Growing up on a farm outside of Boonville, Missouri, Lucas Oswald’s initial interactions with music were driven by both boredom and a sense of exploration. Combine living with a musical family with the pre home computer landscape, he picked up the instruments his family had laying around and that turned into what would later become
Growing up on a farm outside of Boonville, Missouri, Lucas Oswald’s initial interactions with music were driven by both boredom and a sense of exploration. Combine living with a musical family with the pre home computer landscape, he picked up the instruments his family had laying around and that turned into what would later become his craft.
After getting in his time as a performing & touring musician with bands like The Appleseed Cast and Shearwater, Lucas embarked on a long and cathartic songwriting and recording process that would result in his sophomore full length, Whet.
Although there are breadcrumbs of the tricks and inspiration he picked up from the bands he played with in terms of how they got songs together and performed them, the songs on Whet are deeply personal and close to Lucas’ heart. That aspect of the record is definitely audible in tracks like Passenger which was “definitely influenced by working as a “side man” or playing “second fiddle” to other artists’ visions.’’ He says ‘’Long Long Year is also about being exhausted, trapped, and broke.’’ The writing & recording process for Whet took about 18 months, with Lucas moving three times in the process while actively touring with Shearwater, so the nomadic lifestyle and his financial & mental struggles turned the recording process of Whet into the main constant in his life. First the music was fleshed out, with lyrics following at times months later.
Contextually, this makes a lot of sense as Lucas wanted to write a record about depression, or more specifically, the stagnancy of depression. So he mulled over the lyrics for months until he got them right. I always liked the phrase “whet your appetite” says Lucas. “So much of being an artist with compulsion problems is this need to constantly whet a certain appetite. I love the definition of whet: “a thing that stimulates appetite or desire.” When you’re depressed, there’s such a lack of that. So I liked the idea of the album being my own cathartic creation that would stimulate my own desire again.”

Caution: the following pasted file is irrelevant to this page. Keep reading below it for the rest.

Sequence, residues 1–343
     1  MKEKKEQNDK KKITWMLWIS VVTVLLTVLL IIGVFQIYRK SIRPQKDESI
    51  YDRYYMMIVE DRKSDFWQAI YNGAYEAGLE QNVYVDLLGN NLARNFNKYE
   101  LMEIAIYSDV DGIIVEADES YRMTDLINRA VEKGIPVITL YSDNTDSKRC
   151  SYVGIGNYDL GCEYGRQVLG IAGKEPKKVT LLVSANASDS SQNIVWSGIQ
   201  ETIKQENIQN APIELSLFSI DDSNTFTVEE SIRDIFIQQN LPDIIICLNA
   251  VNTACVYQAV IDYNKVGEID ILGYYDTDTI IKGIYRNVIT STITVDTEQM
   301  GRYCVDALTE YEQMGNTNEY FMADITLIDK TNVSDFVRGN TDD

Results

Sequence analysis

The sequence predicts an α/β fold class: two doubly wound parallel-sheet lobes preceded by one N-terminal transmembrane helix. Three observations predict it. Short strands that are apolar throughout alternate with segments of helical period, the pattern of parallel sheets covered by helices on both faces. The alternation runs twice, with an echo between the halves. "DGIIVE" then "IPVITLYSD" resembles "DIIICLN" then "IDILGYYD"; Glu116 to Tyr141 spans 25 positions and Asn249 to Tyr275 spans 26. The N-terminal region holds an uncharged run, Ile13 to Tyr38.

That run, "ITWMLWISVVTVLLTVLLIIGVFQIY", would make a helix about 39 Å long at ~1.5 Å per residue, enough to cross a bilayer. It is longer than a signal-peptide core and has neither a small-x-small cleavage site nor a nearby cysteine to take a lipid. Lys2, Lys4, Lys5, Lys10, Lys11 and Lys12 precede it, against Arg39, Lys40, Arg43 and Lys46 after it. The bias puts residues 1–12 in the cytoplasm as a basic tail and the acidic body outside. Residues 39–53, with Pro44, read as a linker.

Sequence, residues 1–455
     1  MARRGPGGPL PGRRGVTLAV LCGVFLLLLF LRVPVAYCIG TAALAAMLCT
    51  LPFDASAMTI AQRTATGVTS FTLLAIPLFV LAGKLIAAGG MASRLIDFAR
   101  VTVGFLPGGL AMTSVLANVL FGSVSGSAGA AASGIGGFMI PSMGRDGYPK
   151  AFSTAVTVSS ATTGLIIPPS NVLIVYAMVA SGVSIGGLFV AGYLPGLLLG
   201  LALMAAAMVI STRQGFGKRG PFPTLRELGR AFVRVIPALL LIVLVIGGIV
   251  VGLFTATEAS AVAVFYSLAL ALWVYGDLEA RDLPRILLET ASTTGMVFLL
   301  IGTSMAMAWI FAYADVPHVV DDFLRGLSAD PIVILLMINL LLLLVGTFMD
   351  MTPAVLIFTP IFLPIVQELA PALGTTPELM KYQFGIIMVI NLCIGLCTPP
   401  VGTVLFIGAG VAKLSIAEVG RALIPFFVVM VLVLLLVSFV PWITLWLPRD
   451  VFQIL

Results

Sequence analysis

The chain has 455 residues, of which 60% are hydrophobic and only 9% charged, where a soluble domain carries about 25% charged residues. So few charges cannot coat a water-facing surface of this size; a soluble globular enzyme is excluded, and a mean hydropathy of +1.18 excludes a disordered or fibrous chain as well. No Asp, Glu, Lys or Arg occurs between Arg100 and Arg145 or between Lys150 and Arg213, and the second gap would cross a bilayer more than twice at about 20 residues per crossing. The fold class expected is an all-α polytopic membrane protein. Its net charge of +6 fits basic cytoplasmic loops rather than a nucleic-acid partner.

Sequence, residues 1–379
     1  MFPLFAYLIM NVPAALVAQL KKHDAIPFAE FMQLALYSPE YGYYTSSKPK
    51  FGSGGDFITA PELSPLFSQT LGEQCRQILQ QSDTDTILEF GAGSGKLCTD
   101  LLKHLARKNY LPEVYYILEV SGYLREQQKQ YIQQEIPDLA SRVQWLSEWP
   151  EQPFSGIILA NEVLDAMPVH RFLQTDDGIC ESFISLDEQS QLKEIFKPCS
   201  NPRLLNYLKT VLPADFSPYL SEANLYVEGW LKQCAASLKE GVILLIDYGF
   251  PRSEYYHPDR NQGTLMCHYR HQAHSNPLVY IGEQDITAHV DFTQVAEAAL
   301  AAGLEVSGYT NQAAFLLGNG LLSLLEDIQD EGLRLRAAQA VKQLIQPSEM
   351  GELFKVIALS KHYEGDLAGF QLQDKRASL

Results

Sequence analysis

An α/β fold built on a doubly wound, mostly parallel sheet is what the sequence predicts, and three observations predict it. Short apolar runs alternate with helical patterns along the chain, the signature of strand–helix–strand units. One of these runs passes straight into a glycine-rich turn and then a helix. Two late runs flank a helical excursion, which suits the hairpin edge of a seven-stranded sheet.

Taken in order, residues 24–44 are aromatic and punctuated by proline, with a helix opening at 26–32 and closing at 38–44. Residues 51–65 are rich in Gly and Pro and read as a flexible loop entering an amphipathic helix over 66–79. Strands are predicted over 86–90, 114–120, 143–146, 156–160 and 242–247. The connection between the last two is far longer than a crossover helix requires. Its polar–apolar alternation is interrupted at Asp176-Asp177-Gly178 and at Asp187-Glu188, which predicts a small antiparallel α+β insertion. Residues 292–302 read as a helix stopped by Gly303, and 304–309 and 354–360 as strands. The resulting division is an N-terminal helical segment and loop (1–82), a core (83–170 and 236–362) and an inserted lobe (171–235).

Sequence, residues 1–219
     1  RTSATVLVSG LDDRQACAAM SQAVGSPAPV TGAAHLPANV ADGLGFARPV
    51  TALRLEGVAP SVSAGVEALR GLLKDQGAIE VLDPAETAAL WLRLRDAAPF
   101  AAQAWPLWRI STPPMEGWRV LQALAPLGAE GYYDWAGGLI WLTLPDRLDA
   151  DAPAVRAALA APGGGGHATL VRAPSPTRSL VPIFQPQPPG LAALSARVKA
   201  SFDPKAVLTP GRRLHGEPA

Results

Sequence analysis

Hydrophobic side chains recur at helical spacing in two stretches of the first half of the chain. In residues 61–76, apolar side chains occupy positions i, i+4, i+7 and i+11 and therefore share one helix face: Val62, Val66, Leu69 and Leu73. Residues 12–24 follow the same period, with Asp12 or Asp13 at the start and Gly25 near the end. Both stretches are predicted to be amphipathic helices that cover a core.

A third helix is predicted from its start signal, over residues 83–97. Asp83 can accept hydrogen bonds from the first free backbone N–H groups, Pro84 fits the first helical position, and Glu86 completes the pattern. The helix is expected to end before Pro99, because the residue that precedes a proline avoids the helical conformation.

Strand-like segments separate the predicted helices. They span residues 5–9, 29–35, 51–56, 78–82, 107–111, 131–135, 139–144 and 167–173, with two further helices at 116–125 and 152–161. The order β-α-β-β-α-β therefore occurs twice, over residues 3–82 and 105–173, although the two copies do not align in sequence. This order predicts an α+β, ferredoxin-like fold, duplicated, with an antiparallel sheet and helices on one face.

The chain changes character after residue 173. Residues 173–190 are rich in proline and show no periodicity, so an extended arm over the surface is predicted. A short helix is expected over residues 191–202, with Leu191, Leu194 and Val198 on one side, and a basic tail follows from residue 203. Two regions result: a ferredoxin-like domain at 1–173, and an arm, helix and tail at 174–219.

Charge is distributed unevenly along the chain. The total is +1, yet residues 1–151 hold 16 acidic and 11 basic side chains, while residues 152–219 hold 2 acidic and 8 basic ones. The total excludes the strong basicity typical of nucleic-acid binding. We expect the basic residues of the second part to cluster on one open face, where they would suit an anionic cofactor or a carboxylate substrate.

Whet also means to sharpen a tool, which to Lucas was a great metaphor for growth. “It took a lot of growth to make this album, and for me, as an artist, to sorta become the person I am.” The homophone “wet” means almost the opposite of the “sharpened tool” definition of whet and the album (sonically) is just that: juxtapositions between sharp, punchy, abrasive sounds, and washy/reverby textures. It sounds as much like a singer songwriter record as it does like a reverb-laden Britpop record from the 90’s. Where Lucas’ creative journey ends, the journey of Whet begins.
“Oswald’s credits include guitar, piano, vibes, dulcimer, cello and tape loops, while revealing lovely, breathy vox”- MOJO
“Addictive” – The 405
“Wonderfully crafted melancholic folk” – Drunken Werewolf
“Transports Americana tinged art-rock into a cosmic realm” – Clash
“It’s melancholic arty pop with shades of folk… the album proves to be a quiet triumph” (8/10) – Peterborough Evening Telegraph
“Gorgeous music” (7.5/10) – The Line of Best Fit
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